First read up everything I can and jot down a sequence of points. Then take break and let my subconscious mind sort stuff out. Then I return to writing and everything just pours out.

A final tip: when it comes to chunking ideas up, for example by outlining the piece before you write it, there’s a helpful way and a less helpful way. All too often, tech writers and business writers in general focus on the safe ground of the “things” you’re writing about. That could be machine components, API methods, UI dialogs, specific rules, or the kind of abstract concepts that often end up in PowerPoint bullets, to pass through the audience largely undigested.

Yet, audiences often want, more than mere descriptions of the “things”, some guidance as to how they all fit together:

  • Yes, there are these API methods; what’s the best way to work with a number of them to achieve my goal?
  • How do I plan installing a large industrial assembly from a holistic point of view (safe environment? prerequisites?) before I start looking at the individual components?
  • If I apply this rule, what else do I need to take into account?
  • You’re telling me about a concept – can you unpack it a bit? Who does what, for what purpose, in this business idea?

To relate things together, we need verbs, and verbs belong in sentences. If you’re outlining a piece of writing, do so in sentences that express the main idea of each section. Sentences force you to think through what you’re saying in some depth, and sometimes make you realize that you need to rework your ideas. I made a video about using sentences to improve presentations, but it works just as well for initial outlining (probably better actually, since as several viewers pointed out, my example slides in the video ended up on the wordy side!)

This outlining-with-whole-sentences isn’t my idea; I’m just passing it on. I’ve read it from a number of great writing teachers, most recently and persuasively Peter Elbow:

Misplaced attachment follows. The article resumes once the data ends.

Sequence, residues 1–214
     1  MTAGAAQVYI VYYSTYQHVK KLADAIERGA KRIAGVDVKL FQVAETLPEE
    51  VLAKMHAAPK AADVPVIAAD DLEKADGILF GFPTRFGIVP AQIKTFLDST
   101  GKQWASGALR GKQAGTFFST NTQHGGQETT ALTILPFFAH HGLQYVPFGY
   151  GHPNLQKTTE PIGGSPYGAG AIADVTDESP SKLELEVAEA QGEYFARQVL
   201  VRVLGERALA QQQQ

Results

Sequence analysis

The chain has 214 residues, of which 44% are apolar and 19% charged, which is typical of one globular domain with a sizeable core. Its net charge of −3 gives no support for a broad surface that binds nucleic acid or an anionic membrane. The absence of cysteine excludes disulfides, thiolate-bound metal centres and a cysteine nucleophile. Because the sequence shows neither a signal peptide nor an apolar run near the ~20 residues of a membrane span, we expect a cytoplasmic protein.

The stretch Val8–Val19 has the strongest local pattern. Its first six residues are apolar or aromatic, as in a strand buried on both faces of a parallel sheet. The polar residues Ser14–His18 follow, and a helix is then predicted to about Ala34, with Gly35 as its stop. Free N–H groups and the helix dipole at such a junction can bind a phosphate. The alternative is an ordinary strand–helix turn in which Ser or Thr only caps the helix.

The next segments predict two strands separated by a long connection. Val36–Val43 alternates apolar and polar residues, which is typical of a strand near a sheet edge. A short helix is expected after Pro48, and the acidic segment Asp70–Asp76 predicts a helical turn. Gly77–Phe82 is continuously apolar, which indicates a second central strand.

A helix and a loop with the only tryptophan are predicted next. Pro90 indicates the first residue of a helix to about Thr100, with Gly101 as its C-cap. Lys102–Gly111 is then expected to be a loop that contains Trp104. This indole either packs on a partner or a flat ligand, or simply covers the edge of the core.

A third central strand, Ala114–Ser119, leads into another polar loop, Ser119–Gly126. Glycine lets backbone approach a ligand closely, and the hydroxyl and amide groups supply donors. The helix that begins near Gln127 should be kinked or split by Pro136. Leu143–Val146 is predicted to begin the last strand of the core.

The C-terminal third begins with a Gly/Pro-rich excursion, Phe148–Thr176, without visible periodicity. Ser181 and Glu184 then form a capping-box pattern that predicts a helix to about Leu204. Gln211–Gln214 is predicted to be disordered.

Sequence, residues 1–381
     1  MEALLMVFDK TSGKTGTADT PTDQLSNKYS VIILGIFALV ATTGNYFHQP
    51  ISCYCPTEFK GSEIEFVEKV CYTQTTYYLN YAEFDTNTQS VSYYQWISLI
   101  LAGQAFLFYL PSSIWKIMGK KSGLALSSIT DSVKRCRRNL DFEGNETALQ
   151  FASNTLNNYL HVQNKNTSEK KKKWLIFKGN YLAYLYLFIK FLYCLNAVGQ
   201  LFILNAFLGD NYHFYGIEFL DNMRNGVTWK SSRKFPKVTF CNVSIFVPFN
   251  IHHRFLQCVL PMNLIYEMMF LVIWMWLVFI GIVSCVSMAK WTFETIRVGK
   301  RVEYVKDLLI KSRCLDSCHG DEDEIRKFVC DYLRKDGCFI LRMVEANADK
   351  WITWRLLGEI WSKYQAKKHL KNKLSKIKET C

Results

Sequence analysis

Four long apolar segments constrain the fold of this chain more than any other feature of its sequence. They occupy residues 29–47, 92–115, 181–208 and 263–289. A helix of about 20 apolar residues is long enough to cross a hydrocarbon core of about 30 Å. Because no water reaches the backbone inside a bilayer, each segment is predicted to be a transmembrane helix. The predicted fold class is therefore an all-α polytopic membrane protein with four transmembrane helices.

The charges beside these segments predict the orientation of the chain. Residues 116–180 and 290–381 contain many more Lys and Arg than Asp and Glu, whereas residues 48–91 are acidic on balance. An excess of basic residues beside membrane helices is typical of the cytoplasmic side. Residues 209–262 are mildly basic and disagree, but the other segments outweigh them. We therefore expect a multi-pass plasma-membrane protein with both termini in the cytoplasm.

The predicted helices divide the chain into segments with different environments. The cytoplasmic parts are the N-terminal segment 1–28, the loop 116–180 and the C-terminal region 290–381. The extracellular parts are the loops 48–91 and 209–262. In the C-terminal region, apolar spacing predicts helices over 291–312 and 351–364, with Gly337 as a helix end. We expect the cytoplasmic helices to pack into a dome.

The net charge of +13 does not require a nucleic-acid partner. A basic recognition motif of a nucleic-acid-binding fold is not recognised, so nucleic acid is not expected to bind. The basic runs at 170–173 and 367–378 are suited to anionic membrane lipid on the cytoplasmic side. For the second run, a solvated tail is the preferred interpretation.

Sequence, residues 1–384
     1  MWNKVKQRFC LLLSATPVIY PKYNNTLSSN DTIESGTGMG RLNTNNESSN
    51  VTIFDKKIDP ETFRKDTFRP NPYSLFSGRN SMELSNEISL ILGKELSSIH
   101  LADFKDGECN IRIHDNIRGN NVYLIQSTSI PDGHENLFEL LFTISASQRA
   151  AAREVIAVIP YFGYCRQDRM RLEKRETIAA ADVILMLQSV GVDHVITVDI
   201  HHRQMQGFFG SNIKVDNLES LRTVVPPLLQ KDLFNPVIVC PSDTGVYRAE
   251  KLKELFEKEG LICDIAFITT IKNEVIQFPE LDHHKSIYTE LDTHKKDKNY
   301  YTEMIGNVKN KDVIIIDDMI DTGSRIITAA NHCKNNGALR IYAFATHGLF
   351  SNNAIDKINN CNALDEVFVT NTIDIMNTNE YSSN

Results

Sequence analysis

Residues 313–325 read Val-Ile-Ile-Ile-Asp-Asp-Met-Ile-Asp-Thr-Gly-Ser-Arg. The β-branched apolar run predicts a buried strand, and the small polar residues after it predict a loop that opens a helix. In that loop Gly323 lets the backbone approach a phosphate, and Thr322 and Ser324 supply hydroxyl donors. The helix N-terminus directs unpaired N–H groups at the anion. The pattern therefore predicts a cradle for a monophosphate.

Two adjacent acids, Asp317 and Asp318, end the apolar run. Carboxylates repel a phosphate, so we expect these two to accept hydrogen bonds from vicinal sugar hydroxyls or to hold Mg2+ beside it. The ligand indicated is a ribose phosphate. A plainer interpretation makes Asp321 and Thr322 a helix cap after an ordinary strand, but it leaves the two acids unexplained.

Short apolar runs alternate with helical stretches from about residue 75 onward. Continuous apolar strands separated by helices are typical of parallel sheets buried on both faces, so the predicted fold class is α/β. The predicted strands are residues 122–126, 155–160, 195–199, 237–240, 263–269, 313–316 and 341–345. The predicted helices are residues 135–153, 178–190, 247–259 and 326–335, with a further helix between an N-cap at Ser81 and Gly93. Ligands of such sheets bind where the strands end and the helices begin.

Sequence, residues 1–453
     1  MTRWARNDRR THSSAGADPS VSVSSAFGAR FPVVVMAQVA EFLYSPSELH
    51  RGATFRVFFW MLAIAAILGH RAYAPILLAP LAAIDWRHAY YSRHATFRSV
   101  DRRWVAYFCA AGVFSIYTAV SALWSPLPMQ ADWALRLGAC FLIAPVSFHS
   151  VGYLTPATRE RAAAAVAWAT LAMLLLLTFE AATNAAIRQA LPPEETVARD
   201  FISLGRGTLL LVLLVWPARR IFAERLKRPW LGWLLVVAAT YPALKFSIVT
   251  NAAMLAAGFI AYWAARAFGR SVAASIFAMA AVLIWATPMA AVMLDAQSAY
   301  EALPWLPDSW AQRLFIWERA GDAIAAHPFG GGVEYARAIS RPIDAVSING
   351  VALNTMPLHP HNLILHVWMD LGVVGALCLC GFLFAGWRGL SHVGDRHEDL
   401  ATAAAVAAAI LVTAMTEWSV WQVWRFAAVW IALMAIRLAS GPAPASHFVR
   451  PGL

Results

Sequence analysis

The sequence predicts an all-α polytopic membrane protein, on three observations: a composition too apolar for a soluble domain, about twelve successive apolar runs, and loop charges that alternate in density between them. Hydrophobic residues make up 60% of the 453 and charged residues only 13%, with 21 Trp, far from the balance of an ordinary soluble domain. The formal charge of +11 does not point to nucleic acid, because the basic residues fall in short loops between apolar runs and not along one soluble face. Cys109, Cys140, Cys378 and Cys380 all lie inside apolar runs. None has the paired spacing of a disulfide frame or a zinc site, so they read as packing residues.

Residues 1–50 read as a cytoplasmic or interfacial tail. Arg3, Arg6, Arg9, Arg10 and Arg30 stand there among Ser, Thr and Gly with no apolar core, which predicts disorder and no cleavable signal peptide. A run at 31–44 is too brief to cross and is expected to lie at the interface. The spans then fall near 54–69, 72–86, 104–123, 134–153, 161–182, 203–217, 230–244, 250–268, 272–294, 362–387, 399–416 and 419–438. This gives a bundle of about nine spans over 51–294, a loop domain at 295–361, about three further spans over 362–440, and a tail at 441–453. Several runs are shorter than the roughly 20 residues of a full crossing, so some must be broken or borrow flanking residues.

You could call this an outline, but I find it helpful to think of it as a story outline. It’s made of sentences that tell a kind of story of thinking—a story that feels coherent and sensible. It’s an outline of thoughts, not just single words or single phrases that point to mere topics or areas.

Peter Elbow, “Vernacular Eloquence

But that’s one technique, and ultimately what was clear from my research was that no one technique can rid us of writer’s block. What seems to help most is to just accept the iterative process of writing, with all its modest starts, false starts, temporary blocks, and gradual moves towards work we’re proud of. As one respondent wrote:

It’s part of the job; don’t let it frustrate you or question your talent as a writer. You got this!

Limits of the survey approach

  • Most likely the respondents were self-selecting, ie were more likely to take the survey if they did experience some writing blocks. However, the consistency of the top-reported reasons for blocks and methods to overcome blocks gave me some confidence that the trends should apply to a wider population to some degree.
  • It’s not at all clear if the differences between low-blockers and high-blockers were causal (ie does avoiding conscious free-writing help keep things productive, or do low-blockers just do less freewriting anyway (or even do it but not really be aware of it?)
  • I didn’t attempt any kind of statistical significance test on the results, and indeed more of the insights I felt I got were from the free-text comments that respondents wrote.

*With “high-blockers” and “low-blockers”, I’m using the terminology of Mike Rose in “Writer’s Block: the cognitive dimension”.

One comment

  1. Great post, thanks Joe. A lot of things here ring true.

    For me, the best unblocker is using paper and pen, which I find helps with flow. In my case, I get imperfect but fluent content that I can then build on. Time pressure also helps push the process – though in a less pleasant way!

    Liked by 1 person